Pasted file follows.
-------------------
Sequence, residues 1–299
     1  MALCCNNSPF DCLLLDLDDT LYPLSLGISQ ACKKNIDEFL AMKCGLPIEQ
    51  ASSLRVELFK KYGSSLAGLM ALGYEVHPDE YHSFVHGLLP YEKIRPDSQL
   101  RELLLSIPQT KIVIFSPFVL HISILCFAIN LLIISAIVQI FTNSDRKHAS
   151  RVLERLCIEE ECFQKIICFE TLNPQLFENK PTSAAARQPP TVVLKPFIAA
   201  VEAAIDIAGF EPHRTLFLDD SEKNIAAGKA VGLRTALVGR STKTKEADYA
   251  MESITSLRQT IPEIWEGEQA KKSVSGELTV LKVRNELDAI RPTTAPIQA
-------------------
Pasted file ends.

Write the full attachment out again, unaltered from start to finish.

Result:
Sequence, residues 1–299
     1  MALCCNNSPF DCLLLDLDDT LYPLSLGISQ ACKKNIDEFL AMKCGLPIEQ
    51  ASSLRVELFK KYGSSLAGLM ALGYEVHPDE YHSFVHGLLP YEKIRPDSQL
   101  RELLLSIPQT KIVIFSPFVL HISILCFAIN LLIISAIVQI FTNSDRKHAS
   151  RVLERLCIEE ECFQKIICFE TLNPQLFENK PTSAAARQPP TVVLKPFIAA
   201  VEAAIDIAGF EPHRTLFLDD SEKNIAAGKA VGLRTALVGR STKTKEADYA
   251  MESITSLRQT IPEIWEGEQA KKSVSGELTV LKVRNELDAI RPTTAPIQA